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Mini skirt fashion trend returns to London streets

The mini skirt, that symbol of the swinging 60’s and rebellious women cheekily declaring their sexual liberation, has returned to the streets of London where it debuted over half a century ago.

After a hiatus from the runway, the mini skirt made a strong showing for spring/summer 2019. Prada offered ultra-short tennis skirts paired with oversized cardigans. Versace presented preppy inspired skirts with knitwear and smart blazers and Burberry gave us colourful thigh-skimming cow prints.

The return of the mini skirt trend to the catwalks of London and Milan comes at a time when the iconic item is being recognized more broadly for its influence on style and culture. A V&A exhibition, which opened last month in London, celebrates the life and work of Welsh designer Mary Quant who popularized colourful tights, tailored trousers and, of course, the mini skirt.

Mini Skirt - Mary Quant Selecting Fabric
British fashion designer Mary Quant pictured selecting rolls of fabric from a fabric store and warehouse in London to create samples for a future collection in 1967. | Photo by Rolls Press/Popperfoto/Getty Images

Mary Quant challenged convention by inspiring women to rebel against the traditional dress worn by their mothers and grandmothers. She ignited a global fashion trend that stretched from America to Asia and beyond. The V&A exhibition, which spans her career, begins with a scene of post-war London which saw the opening of Quant’s experimental shop Bazaar in 1955. Situated on Chelsea’s King’s Road, it was here that she began her career as a fashion designer.

In 1966, Quant began working with fabrics to create 10-inch pleated mini skirts. Worn with flat Mary Janes, zip-up knee-high boots and bright coloured tights, this scandalous short skirt was named after her favourite car, the Mini Cooper.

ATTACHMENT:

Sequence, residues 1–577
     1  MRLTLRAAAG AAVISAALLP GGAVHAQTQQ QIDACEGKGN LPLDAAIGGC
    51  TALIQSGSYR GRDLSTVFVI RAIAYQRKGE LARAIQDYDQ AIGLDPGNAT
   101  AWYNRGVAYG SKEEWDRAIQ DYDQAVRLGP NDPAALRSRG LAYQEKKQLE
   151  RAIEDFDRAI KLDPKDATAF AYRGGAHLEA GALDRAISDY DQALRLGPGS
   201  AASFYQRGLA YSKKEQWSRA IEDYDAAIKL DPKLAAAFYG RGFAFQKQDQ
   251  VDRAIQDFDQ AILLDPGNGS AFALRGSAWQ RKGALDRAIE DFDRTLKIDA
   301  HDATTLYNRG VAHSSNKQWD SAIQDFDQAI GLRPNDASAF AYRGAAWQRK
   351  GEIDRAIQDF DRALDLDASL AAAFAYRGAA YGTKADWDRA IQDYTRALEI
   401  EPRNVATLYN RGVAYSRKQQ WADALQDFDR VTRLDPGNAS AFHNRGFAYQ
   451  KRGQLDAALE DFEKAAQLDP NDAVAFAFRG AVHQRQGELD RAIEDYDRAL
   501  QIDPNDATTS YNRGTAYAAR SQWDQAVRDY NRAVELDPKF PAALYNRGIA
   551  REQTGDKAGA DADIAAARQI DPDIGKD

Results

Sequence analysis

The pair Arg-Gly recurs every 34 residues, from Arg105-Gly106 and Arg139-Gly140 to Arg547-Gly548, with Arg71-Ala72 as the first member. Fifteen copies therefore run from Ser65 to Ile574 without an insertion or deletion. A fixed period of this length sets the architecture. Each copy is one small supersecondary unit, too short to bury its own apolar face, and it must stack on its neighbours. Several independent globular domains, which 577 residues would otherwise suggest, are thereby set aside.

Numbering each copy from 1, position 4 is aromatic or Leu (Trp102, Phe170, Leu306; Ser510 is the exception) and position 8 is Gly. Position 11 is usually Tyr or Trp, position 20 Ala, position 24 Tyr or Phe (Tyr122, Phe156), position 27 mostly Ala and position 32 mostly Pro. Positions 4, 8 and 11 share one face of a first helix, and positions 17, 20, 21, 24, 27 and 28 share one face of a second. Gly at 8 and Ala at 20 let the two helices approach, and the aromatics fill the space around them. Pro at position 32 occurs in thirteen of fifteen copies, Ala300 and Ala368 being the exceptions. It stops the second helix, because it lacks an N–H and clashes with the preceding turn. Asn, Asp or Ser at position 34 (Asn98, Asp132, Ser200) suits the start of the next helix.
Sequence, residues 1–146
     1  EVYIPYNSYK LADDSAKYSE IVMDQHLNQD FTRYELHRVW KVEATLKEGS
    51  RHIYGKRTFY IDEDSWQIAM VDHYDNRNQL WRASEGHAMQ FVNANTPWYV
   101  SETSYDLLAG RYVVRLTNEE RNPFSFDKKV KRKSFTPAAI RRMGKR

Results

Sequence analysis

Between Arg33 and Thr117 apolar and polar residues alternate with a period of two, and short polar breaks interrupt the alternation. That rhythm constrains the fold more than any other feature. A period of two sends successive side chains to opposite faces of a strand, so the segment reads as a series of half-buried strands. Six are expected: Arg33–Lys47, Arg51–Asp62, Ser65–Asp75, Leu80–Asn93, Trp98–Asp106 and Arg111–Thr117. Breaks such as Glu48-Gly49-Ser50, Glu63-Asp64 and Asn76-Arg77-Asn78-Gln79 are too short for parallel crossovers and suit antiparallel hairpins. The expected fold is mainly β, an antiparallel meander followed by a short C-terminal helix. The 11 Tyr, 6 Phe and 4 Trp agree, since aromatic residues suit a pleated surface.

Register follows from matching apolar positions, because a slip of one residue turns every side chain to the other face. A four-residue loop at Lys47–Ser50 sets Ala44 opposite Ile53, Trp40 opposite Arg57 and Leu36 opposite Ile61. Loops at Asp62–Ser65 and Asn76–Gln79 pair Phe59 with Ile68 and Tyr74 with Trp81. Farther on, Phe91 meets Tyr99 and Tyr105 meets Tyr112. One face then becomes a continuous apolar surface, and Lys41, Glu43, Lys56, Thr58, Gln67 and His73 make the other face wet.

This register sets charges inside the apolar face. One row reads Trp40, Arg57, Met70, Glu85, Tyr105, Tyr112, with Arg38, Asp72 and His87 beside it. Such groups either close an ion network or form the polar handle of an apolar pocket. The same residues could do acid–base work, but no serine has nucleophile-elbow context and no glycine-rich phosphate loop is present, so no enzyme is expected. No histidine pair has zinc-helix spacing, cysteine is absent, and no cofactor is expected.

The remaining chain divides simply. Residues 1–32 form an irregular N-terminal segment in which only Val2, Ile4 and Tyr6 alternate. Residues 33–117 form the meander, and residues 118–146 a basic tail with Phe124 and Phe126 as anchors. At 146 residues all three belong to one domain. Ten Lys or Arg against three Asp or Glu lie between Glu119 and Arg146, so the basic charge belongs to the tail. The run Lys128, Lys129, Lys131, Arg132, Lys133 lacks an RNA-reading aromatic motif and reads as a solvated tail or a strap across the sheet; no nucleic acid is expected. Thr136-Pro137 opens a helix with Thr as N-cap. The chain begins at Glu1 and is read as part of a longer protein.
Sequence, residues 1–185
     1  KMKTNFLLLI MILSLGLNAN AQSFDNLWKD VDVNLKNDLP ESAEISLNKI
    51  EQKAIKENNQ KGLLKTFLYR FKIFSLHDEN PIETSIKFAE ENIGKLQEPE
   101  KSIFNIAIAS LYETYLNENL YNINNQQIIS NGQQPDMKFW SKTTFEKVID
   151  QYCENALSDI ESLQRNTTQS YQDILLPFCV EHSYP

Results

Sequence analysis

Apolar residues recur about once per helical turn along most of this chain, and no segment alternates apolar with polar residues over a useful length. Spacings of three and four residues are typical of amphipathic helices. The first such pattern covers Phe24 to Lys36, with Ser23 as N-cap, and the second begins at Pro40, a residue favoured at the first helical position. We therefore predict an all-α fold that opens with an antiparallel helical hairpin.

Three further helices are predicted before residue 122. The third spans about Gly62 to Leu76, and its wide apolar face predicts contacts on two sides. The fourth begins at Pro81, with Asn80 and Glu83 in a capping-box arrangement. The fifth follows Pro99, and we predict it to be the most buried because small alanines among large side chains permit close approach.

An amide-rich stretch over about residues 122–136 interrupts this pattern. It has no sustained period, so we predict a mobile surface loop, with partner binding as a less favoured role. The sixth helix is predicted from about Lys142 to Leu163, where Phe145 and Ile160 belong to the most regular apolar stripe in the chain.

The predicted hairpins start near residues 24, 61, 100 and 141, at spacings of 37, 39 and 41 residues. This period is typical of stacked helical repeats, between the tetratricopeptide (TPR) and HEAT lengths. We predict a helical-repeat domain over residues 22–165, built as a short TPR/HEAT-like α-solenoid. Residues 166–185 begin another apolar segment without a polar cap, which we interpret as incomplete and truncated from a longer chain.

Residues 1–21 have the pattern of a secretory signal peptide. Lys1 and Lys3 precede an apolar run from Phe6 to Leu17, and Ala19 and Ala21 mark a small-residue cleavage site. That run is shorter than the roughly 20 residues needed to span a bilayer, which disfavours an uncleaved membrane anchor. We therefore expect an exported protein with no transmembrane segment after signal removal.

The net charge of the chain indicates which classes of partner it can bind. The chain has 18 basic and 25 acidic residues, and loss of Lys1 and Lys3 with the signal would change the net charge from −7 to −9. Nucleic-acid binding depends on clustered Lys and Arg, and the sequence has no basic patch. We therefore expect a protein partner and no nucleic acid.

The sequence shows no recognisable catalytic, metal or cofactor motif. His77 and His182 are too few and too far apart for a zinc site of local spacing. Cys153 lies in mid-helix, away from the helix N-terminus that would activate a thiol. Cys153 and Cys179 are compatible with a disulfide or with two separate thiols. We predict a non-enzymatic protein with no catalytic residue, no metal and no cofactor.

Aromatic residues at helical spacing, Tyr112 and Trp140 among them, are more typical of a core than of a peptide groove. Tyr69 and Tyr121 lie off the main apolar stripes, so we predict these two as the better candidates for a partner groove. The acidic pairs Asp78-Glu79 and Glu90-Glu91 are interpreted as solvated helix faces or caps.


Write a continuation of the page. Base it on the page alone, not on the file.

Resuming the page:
Beginning in the 1950s, skirt lengths had gradually become shorter but Quant’s mini skirts sparked outrage from such illustrious figures as Winston Churchill. Coco Chanel described the mini skirt as “just awful”.

Mary Quant (1934-), British fashion designer and mini skirt fashion icon. Ca. 1970
Mary Quant (1934-), British fashion designer and fashion icon. Ca. 1970. | Photo by adoc-photos/Corbis via Getty Images

In contrast to the disgust felt my many, Quant described the mini skirt as liberating. “The short skirt,” she said in a recent interview with the BBC,  “was so you could move, run and dance.” It was dance that gave Quant the inspiration for the mini skirt, which she followed with designs for hot pants, slip dress and PVC raincoats.

All London teenagers in the late 60’s wore mini skirts along with bright colour tights. Those who didn’t just looked out of place. The trend then began to capture the imagination of young people around the world. I can still remember the day my father took me with him to the bank as a young lad and seeing every woman inside wearing a mini skirt.

Mary Quant’s success with the mini skirt overturned the dominance of luxury couture from Paris. She dressed liberated women and made designer fashion affordable for the working class while transforming the fashion landscape with youthful, revolutionary clothes, inspired by London’s creative scene. It could be said that Quant made making street style the global influence it is today.

Along with The Beatles and the Apollo moon landing, the mini skirt trend represents a keystone cultural moment of the last century. It’s popularity may wax and wane. Hemlines may rise and fell. But, while it may go in and out of fashion, the mini skirt is without a doubt an icon of the 60’s that stills endures today.

Mary Quant Exhibition at the V&A London until February 16, 2020.

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